“It was not until 2008, however, after five different DESs had submitted applications for regulatory approval and four had already been cleared, that the FDA published a formal guidance document, detailing what criteria it would use to evaluate DESs moving forward.”

This document and others on another eight unique medical devices (pacemakers, implanted cardioverter defibrillators, electrodes, heart valves, lasers, occluders, catheters and stents) provided objective regulatory guidance that allowed average approval times for subsequent entrants to fall by about 40% (6.1 months), Stern’s paper says.

“These findings,” she writes, “have implications for other emerging categories of medical technology such as tissue engineered products and the applications gene therapies, as these are all contexts in which there is a large degree of uncertainty about the content and format of new product applications and, as a corollary, around how to evaluate new products.

“This uncertainty is the result of both a short (or nonexistent) regulatory history for these types of products and a dearth of formally or informally established regulatory criteria. In these new product categories, regulatory approval times for a given product are similarly likely to be substantially protracted until a time when objective product evaluation criteria are formalized and made available to innovators.”

Stern cites a 2010 survey of the medical device industry by Josh Makower et al that found that for roughly 20% of companies the average cost of bringing a high-risk medical device to market was about $94 million.

“Assuming a discount rate of 11.5%,” she writes, “the results suggest that the opportunity cost of the delay associated with being the first entrant in a product code is probably around $6.7 million, or more generally, upwards of 7% of the total cost of new device development.”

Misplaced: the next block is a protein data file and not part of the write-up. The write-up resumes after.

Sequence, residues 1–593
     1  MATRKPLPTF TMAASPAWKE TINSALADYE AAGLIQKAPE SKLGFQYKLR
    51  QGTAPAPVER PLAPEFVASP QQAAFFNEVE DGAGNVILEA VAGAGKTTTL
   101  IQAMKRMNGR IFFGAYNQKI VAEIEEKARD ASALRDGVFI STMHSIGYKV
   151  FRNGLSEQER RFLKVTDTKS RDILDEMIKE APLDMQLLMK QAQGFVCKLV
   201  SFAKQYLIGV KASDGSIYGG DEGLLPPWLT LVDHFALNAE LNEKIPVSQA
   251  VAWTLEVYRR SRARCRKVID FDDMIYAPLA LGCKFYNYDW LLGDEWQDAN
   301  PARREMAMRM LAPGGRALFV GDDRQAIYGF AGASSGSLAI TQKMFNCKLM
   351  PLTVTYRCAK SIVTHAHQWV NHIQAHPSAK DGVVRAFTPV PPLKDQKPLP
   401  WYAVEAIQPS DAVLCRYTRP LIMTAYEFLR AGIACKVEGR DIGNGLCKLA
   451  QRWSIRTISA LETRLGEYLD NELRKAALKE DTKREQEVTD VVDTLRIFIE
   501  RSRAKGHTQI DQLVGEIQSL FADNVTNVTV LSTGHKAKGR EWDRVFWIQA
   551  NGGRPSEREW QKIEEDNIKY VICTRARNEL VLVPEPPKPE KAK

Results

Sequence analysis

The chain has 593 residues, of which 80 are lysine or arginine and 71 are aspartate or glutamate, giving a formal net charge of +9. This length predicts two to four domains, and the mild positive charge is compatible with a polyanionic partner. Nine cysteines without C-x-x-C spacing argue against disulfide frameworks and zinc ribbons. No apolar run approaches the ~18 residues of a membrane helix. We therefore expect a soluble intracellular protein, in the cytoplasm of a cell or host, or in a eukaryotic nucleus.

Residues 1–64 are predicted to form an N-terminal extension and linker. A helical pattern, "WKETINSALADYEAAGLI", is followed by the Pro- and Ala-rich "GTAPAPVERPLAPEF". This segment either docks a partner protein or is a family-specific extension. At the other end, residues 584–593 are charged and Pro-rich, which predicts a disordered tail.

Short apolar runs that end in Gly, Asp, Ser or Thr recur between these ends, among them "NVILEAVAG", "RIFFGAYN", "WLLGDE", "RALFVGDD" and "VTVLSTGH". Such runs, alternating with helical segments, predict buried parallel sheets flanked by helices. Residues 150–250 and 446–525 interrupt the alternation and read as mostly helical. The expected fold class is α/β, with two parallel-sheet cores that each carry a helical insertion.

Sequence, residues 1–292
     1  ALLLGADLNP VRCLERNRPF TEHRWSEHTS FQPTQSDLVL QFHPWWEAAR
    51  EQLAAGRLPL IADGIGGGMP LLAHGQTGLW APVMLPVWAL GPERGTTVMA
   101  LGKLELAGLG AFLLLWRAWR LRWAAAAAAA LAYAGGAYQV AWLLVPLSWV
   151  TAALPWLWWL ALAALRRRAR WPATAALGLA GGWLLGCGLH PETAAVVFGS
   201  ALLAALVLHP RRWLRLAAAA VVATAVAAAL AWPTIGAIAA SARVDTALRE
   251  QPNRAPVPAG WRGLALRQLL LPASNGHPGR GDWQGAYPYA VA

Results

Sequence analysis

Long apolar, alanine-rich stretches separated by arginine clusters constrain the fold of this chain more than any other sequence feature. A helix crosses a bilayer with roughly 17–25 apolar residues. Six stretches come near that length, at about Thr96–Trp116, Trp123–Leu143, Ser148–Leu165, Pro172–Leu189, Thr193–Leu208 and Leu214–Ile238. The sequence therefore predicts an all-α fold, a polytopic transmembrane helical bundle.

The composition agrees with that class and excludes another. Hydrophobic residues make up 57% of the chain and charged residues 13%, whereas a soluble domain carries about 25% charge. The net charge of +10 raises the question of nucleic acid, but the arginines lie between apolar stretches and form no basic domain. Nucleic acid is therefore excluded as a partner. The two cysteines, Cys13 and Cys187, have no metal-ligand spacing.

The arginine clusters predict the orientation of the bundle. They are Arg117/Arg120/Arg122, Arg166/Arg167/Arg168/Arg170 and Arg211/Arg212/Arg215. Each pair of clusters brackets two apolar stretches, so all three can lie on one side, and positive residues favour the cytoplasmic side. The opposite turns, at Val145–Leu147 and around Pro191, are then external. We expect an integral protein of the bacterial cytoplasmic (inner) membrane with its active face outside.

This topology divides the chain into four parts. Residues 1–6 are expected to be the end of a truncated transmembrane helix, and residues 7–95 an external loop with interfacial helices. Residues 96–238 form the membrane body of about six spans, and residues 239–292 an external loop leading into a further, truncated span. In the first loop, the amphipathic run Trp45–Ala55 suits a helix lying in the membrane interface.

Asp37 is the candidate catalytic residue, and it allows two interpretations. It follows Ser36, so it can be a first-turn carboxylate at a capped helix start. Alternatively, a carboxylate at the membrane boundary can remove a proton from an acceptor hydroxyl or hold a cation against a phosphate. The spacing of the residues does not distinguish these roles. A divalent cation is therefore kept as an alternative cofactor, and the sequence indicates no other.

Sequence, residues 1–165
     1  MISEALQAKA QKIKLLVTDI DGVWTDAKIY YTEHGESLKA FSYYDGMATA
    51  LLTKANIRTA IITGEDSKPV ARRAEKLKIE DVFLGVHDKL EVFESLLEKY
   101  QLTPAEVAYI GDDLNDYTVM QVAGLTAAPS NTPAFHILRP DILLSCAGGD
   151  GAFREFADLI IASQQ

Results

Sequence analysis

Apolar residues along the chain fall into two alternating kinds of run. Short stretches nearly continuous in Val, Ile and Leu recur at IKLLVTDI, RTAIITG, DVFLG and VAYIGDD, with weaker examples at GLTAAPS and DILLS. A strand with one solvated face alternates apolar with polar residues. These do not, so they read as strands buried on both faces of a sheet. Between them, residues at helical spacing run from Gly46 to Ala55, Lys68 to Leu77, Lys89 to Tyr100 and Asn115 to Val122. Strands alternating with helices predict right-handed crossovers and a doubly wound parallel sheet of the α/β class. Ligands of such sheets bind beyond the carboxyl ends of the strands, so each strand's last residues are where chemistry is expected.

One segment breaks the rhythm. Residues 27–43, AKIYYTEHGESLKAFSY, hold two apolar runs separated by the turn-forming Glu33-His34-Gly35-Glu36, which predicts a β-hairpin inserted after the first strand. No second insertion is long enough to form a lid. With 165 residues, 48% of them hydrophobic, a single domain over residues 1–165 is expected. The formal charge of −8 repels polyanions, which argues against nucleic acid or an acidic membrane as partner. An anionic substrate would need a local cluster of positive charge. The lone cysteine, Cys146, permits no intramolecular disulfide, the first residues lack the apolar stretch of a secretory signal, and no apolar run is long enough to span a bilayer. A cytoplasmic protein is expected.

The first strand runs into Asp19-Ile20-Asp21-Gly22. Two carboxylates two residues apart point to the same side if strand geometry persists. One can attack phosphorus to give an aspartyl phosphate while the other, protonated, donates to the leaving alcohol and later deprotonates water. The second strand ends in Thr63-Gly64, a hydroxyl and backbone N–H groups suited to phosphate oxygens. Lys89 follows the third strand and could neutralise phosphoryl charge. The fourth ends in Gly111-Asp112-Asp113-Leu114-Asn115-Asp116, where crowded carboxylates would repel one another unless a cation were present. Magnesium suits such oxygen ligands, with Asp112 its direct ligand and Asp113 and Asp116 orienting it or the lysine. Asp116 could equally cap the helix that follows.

Stern’s analysis of FDA data suggests, she says, that by even the most conservative estimate “the resolution of procedural uncertainty through the publication of formal guidance is associated with a 6.1 month (approximately 185 day) reduction in regulatory approval times”—or an average 41% reduction.

In other words, as others have also found, familiarity with FDA protocols is more important than technical knowledge for predicting a medical device firm’s successes.

Moreover, Stern and the FDA task force together make it obvious that fusing diverse knowledge systems need not further retard the route to market but should actually have the opposite effect.

Alternatives To In Vivo Biocompatibility Testing

Reconstructed human epidermis (RHE) for in vitro skin irritation and sensitization testing.

Reconstructed human epidermis (RHE) provides an accurate and reliable test system for in vitro skin irritation and sensitization testing.

By: Daniel Olsen, Senior Laboratory Analyst II, Nelson Laboratories

The landscape of biocompatibility assessment of medical devices is an ever-changing and evolving one. Recently, there has been a lot of effort put into the development of alternatives to in vivo biocompatibility testing. Expanding technological capability and increased scientific understanding of the key events in complex biological responses is making this shift to in vitro alternatives possible by enabling the development of accurate, sensitive, and reliable test methods.

Because of the large amount of toxicological data available and increased sensitivity compared to animal tests, the advanced chemical characterization of medical device extractables is largely being seen as a potential replacement for many in vivo systemic toxicity endpoints. This is reflected in Figure 1 of ISO 10993-1, which lists chemical characterization as a first step in the biological evaluation of a new medical device.